The airline sector can be a minefield for investors because there are at least two major problems airlines have to deal with in terms of growing profits: Fuel and labor costs. There are times when major airlines only have to deal with one of those issues, but when a carrier is grappling with both dilemmas at the same time, investors should stay away. Still, there are times, such as when the broader economy is thriving or oil prices sag, when the airline industry can deliver profits to investors.
Following A Recession
Airline stocks are highly sensitive to macroeconomic news and that makes these companies (and their share prices) vulnerable to economic downturns. Businesses cut back on travel expenses and leisure travelers take fewer vacations during recessions. Market timing is difficult, but airline stocks can be worth a trade or two following a recession. Not immediately after, but as economic data (consumer and employment numbers in particular) start to rebound, airline stocks often follow.
Falling Oil Prices
Arguably, no other industry is as beholden to oil prices as the airline business. Some airlines do hedge their oil exposure in the futures market. That means an airline will lock in barrels of oil at a set price for a few years into the future in anticipation of oil prices soaring. Not all airlines engage in that practice leaving themselves vulnerable to unforeseen spikes in oil prices. By some estimates, every time the price of oil rises $1 per barrel, it costs the global airline business $1 billion. All of that is to say when oil prices fall, shares of airlines often rise.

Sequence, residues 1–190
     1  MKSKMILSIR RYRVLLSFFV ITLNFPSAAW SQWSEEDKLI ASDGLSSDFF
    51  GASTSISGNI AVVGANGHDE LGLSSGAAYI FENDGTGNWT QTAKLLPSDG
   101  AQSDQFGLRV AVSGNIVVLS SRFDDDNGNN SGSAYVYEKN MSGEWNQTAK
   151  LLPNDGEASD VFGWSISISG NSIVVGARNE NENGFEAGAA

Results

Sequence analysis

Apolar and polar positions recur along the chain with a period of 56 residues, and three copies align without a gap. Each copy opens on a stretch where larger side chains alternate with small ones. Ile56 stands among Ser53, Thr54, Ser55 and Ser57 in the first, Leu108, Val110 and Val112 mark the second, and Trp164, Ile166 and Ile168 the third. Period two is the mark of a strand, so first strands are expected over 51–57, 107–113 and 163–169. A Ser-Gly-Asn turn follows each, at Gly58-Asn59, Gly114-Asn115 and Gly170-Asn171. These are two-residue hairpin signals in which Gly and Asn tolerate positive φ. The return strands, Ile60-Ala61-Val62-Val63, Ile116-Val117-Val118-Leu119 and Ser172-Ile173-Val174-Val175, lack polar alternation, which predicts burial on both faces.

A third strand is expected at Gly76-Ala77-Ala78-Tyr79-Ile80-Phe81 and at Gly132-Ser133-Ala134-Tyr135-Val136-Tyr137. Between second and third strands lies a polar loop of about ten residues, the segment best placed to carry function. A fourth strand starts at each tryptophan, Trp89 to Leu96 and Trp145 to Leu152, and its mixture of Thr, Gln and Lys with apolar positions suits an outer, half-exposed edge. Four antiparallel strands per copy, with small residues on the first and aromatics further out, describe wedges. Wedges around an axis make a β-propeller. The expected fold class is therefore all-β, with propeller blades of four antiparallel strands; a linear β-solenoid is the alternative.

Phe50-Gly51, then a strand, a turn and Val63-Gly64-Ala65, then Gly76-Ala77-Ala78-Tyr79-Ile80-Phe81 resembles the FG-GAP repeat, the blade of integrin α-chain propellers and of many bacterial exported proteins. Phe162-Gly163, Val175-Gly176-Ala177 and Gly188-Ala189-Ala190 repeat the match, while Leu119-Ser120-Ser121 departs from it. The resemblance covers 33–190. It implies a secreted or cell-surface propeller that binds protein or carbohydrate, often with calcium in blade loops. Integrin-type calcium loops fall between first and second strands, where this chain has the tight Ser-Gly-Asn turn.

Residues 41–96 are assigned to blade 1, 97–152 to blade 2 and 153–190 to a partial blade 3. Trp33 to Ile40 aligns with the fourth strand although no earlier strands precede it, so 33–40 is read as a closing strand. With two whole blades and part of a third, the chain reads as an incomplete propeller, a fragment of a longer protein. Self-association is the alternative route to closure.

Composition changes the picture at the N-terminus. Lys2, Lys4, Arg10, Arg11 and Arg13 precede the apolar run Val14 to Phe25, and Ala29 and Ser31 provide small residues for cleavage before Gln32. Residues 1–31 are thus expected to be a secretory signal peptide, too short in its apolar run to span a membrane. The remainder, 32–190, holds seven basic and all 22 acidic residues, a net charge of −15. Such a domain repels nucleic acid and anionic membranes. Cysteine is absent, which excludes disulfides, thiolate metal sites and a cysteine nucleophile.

Buying a stock solely on the basis that it is rumored to be or could be in the future a takeover target is not practical investing. However, the U.S. airline industry has steadily consolidated over time. The number of major legacy carriers has fallen because it is more efficient for airlines to combine to gain new gates and routes while reducing labor costs while trying to do those things on their own. Investors that own shares of the acquired carrier usually benefit because the acquiring firm will pay a premium to make the deal happen.
Good For Active Traders
Given the negative correlation to oil prices and the highly discretionary nature of the business, airline stocks, broadly speaking, have tendencies to be volatile or high beta names. Those traits in stocks are coveted by active traders that can move in and out of positions within a single trading day or in just a few days. Said another way, airline stocks can be great trades, but lousy investments.
Todd Shriber is a financial writer who started covering financial markets in 2000. He worked for three years with Bloomberg News and specializes in analysis of stocks, sectors and exchange-traded funds. Shriber has a Bachelor of Science in broadcast journalism from Texas Christian University.